I have been working on learning to make friends with sweet potatoes at least for the past seven years, and I think I can finally safely say that I have completely conquered my distaste! In this quest, I have already posted recipes for purees, fries, pancakes, hashes, and mashes on the site, and evenÂ sweet potato pasta, cinnamon rolls, andÂ ice cream; today I want to share a few interesting uses for shredded sweet potatoes. Most of the organic sweet potatoes we buy are much larger than one or two servings, so I frequently shred them up in the food processor and store them raw in the refrigerator for use over the course of several days.
First up is a breakfast hash: Shredded organic sweet potatoes sauted with breakfast sausage,Â onions or leeks, and kale or whatever greens or other veggies I may want to throw in. This was originally based on a recipe that I can no longer track down, but it is totally flexible, and everyone in my family loves it for breakfast. I’l love to try it with other sorts of shredded root vegetables or squashes. To make it a one-pan meal, I crack eggs right on top, add a splash of water and cover the skillet until the eggs are set with runny yolks. Just make sure that your burner is not turned up too high or you will scorch the sweet potatoes and I can vouch for the fact that burned yams are not good eats. I often cook this for our breakfast in a 10″ cast iron skillet after frying up Nolan’s daily dose of bacon.
I didn’t photograph it, but another great egg and sweet potato brunch or dinner combination is this frittata from The Nourishing Gourmet.
Here is another non-recipe that takes advantage of the daily supply of fresh bacon grease: sweet potato haystacks. I have taken to making these haystacks as a quick snack to share with Theo. They are literally just shredded Garnet yams fried in bacon grease until nice and crunchy, and then salted like French fries, and they are totally addictive. I think I like them better than onion haystacks, and they are naturally gluten-free, of course! I do sometimes need to supplement the bacon grease to make sure they don’t stick to the cast iron, but that is no problem because I store extra in the fridge in a Le Creuset heart-shaped ramekinÂ (and yes, the holistic nutritionist in me made that particular storage choice very deliberately!); we always buy high quality uncured bacon, so I have no qualms about cooking with the grease.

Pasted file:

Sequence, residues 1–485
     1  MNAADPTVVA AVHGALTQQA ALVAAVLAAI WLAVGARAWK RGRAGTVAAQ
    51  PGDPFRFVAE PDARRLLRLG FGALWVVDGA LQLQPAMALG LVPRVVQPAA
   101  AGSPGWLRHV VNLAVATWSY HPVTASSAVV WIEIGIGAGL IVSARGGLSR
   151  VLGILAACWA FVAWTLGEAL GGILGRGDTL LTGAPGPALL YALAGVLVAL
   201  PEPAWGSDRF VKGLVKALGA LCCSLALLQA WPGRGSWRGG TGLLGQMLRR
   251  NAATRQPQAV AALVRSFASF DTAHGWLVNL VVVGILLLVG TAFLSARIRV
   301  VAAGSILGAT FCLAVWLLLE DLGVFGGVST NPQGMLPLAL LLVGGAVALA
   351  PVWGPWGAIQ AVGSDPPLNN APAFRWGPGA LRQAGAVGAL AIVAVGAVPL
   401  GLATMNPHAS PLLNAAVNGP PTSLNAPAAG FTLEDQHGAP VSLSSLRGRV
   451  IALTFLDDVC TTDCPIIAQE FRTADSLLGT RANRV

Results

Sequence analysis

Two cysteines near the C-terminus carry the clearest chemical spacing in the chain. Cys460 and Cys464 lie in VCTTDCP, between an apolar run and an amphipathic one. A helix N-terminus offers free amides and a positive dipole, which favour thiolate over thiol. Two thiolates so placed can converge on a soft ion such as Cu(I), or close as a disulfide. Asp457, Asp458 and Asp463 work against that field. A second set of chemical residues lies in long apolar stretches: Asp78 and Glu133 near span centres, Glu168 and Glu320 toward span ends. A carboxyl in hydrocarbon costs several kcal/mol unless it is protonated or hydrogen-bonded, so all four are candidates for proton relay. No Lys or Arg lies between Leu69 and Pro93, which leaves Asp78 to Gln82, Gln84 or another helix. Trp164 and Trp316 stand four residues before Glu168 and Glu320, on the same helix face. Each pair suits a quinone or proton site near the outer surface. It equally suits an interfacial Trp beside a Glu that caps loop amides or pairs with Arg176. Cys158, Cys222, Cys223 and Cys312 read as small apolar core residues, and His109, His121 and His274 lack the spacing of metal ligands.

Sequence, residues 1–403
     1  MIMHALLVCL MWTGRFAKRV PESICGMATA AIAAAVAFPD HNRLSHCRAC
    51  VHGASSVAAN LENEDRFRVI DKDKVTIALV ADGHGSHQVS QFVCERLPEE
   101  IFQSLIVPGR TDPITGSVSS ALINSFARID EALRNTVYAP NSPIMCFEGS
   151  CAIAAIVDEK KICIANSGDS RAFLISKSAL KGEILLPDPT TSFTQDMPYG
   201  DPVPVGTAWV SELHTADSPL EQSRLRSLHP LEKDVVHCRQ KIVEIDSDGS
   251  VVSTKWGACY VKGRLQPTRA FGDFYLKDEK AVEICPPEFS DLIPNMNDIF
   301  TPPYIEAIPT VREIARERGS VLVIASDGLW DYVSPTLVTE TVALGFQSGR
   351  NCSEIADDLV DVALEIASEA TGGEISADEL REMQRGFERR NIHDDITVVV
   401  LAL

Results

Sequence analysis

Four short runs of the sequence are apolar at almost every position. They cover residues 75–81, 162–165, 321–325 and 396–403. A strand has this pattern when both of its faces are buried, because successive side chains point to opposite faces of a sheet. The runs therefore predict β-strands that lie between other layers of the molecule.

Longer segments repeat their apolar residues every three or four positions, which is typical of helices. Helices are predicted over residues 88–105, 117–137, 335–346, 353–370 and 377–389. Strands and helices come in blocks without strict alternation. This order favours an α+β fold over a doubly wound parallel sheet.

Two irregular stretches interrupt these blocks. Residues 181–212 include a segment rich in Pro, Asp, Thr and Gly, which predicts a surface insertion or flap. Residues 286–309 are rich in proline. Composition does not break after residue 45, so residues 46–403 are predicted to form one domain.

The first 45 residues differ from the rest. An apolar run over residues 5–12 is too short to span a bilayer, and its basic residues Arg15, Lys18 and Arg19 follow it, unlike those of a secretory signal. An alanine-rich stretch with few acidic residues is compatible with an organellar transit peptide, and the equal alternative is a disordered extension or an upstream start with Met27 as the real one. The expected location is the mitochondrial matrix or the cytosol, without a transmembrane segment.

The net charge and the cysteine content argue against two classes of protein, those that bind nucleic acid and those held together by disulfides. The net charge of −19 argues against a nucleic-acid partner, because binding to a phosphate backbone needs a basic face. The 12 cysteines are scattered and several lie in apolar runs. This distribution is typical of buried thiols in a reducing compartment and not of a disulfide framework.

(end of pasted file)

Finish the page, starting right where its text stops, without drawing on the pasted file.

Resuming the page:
As I mentioned, I often share these haystacks with Theo, who absolutely adores them. They are crisp enough that he can eat them easily even though we are still waiting for that first tooth, and they are great practice for that pincer grasp because they tend to crumble into smaller and smaller bits as he eats. Of course, this means I have to share, but it is surprisingly hard to resist that sweet face, lol.
Now we get into a more interesting iteration of sweet potatoes. My father’s birthday is in February, and I bought him a book called Paleo Lunches and Breakfasts on the GoÂ by Diana Rodgers because he and my mother are working on removing gluten from their diets. He works as a park ranger at Dinosaur National Monument on the Colorado/Utah border throughout the summer months and will need to make healthy sack lunches and quick breakfasts for himself, so this book should be a perfect tool for him. Before I presented it on his birthday, I ran through the book myself and took a lot of notes to make some of the recipes for my own family–it is full of great ideas for grain-free meals that could work on the go, at home, and for any time of day.